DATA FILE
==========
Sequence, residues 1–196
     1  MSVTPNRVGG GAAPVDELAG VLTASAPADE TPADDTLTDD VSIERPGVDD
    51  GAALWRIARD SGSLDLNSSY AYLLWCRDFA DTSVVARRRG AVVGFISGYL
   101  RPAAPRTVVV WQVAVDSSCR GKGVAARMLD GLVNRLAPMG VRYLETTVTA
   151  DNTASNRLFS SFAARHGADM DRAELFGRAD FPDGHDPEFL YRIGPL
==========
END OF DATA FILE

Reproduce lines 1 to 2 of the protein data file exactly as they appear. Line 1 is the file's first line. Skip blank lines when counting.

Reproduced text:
Sequence, residues 1–196
     1  MSVTPNRVGG GAAPVDELAG VLTASAPADE TPADDTLTDD VSIERPGVDD